Risks and Issues to be tackled
An advisory NIFCW would add to the plethora of advisory bodies that already exist. It would also set up a body with a remit that covers areas that are too widely spread to be effectively integrated; and duplicate work already done by other bodies such as Transport for Wales and NRW. There is also the more fundamental question of what problems, deficiencies, or issues an NIFCW is designed to address. These would include a lack of stability in infrastructure planning; a lack of knowledge and research about the relative benefits of different developments, the influence of the political cycle, leading to short-termism and the urgent dominating the important; a rather random approach to the financing of infrastructure; and a doubt as to whether procurement is economically and socially efficient.
The General Context for an Infrastructure Commission
Government needs a strong means of grading bottlenecks or constraints, and setting priorities. An infrastructure commission is one possible solution but it is not a necessary one. The problems could be solved by stronger Cabinet Government, with all changes of substance required to be signed off in Cabinet or by a specialist Cabinet sub-committee. Together with this, a specialist research unit could be set up within the Welsh Government with the necessary resources, perhaps in the Economy Department. The influence of the political cycle is harder to tackle, but this is an argument in support of establishing an infrastructure commission with some degree of independence, whilst the financing arrangements could be resolved by an enhanced role for the new Welsh Treasury.
An infrastructure commission is not strictly necessary, nevertheless, it has certain advantages as an approach. Firstly, the research or cost-benefit studies it conducts would be in the public domain and would have more prestige than the work of an internal unit. Secondly, insofar as different infrastructure decisions are lodged with different Government Departments, the location of an internal unit might be contested or give rise to turf wars between Departments and between Ministers.
The development of infrastructure for Wales should be done within the context of coherent local and regional plans that reflect differing local priorities. There is currently an opportunity to ensure that local, regional, and pan-Wales views and needs are all taken into consideration.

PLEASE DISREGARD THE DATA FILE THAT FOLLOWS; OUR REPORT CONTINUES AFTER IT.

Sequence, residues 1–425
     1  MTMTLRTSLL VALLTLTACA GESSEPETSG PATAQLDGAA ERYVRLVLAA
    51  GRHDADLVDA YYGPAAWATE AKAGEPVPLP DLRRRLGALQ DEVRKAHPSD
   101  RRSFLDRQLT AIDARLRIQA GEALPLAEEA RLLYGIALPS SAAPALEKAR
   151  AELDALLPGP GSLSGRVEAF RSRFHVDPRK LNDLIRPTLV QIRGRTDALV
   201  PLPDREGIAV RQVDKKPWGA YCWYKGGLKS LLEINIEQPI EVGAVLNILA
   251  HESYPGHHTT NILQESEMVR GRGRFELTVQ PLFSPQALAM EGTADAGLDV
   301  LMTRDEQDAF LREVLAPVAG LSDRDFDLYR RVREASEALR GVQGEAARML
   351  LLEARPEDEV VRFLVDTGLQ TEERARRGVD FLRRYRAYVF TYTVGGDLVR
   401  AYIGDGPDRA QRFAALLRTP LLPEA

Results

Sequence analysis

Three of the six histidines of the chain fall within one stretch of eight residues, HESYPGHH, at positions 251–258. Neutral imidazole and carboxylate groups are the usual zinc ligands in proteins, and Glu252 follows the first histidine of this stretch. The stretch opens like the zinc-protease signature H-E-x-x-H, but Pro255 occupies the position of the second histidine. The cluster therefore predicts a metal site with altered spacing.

To implement policies in other areas, the government has to negotiate with Network Rail, companies owning the electricity, telephone, water, and gas grids, companies involved in the generation of electricity, and private companies running rail franchises, broadband or mobile telecoms services. Projects in all of these areas will be carried out by the private companies concerned.
Proposals for an Infrastructure Commission
Given the considerations discussed above, what would the Commission look like and how would it fit in with Welsh Government functions?
Financing and Political Considerations
Firstly, we do not think that the NIFCW should take over the planning of infrastructure finance, which should be a Welsh Treasury function. Some specialist expertise in the modalities and details of project finance could, however, be a useful part of its capabilities.
We do believe that the Commission should have specific expertise in procurement for certain types of infrastructure project with skilled staff seconded from Government. That would give the NIFCW the character of an executive agency, whilst policy decisions remained the prerogative of Government.
The NIFCW could provide advice and research to inform policy decisions and help determine the best means of achieving broader Government objectives, though final decisions would rest at the political level. The NIFCW would then be the centre of skill and experience in procurement and project management to deliver the projects.
This approach would have to be in tandem with a change in attitude at Welsh Government level to the process of making decisions, and in established financing arrangements.
Operational Structure for NIFCW